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Revista argentina de cardiología

On-line version ISSN 1850-3748


MACIN, Stella M. et al. Acute Myocardial Infarction in Women: Clinical Characteristics and Short-Term and Long-Term Outcomes. Rev. argent. cardiol. [online]. 2008, vol.76, n.6, pp.429-436. ISSN 1850-3748.

Background In Latin America, little is known about dissimilarities between men and women with acute coronary syndromes. We hypothesized that there are differences in acute myocardial infarction between both sexes. Objectives To compare the clinical characteristics and short-term and long-term prognosis in women (group I) and men (group II) with acute myocardial infarction (AMI). Material and Methods Between January 2001 and December 2004, 536 patients with AMI within 24 hours since the onset of symptoms were prospectively and consecutively admitted. One hundred and forty four (26.9%) were women (group I). Results Median age was greater in group I (66 [interquartile range 25-75: 56-75] versus 60 [interquartile range 25-75: 52-68] years; p<0.001). The incidence of smoking habits (25% versus 46.7%; p<0.001) as well as of prior myocardial infarction (18.1% versus 25.3%; p=0.008) was lower among women; however, chronic stable angina was more frequent than in men (20.8% versus 12%; p=0.01). Heart rate and BUN were greater at admission (80 versus 76 bpm; p=0.01, and 0.48 versus 0.36 g/L; p=0.003, respectively) but ejection fraction was similar between both groups (50% versus 51%; p=0.27). In-hospital outcomes [death (9.7% versus 4.8%; p=0.037), refractory angina (9.7% versus 4.2%; p=0.039) and acute pulmonary edema (12.5% versus 5.4%; p=0.005)] were worse in women than in men. In both groups, reperfusion strategies were similar: thrombolytic therapy (21.4% versus 20.3%; p=ns) and primary angioplasty (18.1% versus 21.8%; p=ns). Survival rates at 54 months were 77% versus 85% in groups I and II, respectively (log rank test: p=0,032). Univariate analysis showed that sex was a significant variable (OR=1.71; p=0.035). Cox proportional hazards model found the following significant variables for mortality: age (HR=1.033; p=0.006), as well as BUN (HR=4.275; p<0.001), heart rate (HR=1.018; p=0.004) and Killip classification (HR=2.771; p=0.01) at admission. Conclusions Women admitted for AMI have different short-term and longterm risk profiles than men; however, they are treated in a similar fashion. After adjusting for other variables, sex did not emerge as an independent predictor of risk at follow-up.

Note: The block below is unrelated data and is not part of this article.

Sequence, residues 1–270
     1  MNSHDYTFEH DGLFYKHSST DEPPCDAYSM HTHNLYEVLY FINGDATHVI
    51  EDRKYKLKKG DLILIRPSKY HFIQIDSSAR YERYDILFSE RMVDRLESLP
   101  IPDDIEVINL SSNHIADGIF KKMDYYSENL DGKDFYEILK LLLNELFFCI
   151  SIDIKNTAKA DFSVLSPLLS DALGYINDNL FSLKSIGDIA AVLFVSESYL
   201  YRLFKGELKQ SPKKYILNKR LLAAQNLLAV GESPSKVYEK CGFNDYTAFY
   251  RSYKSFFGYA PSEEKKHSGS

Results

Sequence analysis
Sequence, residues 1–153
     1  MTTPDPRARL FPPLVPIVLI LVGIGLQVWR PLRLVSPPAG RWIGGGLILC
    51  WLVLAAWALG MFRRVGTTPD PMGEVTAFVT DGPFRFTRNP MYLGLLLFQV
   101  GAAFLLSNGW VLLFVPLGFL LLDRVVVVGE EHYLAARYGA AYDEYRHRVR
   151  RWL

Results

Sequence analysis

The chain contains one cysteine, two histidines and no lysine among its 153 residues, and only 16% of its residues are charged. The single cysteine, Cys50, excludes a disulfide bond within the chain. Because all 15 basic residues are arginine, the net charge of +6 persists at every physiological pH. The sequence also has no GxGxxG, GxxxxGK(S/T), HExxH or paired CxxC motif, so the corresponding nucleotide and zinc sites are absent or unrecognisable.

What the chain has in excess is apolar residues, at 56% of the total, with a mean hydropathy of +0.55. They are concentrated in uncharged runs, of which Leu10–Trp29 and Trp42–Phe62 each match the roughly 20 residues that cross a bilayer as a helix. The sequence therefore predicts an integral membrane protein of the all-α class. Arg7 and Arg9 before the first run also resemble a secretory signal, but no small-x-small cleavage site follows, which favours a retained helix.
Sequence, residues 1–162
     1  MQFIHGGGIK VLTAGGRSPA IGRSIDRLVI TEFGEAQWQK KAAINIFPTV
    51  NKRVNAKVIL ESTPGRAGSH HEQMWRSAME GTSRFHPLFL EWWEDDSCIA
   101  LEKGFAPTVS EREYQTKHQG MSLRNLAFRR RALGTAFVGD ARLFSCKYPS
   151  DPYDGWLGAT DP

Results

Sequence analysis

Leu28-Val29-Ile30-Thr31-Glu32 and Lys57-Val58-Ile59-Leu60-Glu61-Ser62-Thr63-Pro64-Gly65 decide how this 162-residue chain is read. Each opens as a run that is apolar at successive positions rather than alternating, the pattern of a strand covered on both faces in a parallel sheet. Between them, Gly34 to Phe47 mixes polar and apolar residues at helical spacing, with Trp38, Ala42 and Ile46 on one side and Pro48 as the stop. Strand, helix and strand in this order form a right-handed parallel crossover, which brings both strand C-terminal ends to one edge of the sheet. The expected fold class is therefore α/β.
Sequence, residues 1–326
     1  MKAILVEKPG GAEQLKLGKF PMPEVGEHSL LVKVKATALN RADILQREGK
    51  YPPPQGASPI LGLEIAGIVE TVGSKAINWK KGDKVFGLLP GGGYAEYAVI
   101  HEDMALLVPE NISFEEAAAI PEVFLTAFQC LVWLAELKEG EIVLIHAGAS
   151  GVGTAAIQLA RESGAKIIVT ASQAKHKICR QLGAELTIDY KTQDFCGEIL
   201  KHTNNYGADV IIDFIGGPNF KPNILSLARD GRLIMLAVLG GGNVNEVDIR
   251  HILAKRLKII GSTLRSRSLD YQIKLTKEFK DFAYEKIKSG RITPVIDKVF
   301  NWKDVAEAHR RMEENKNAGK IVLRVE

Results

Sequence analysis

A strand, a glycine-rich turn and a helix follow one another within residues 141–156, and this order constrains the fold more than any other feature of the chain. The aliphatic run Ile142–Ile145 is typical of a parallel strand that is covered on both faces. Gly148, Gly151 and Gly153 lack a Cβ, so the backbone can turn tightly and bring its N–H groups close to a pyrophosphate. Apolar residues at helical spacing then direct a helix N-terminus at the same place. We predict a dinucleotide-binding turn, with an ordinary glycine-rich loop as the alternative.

Keywords : Myocardial infarction; Sex; Mortality.

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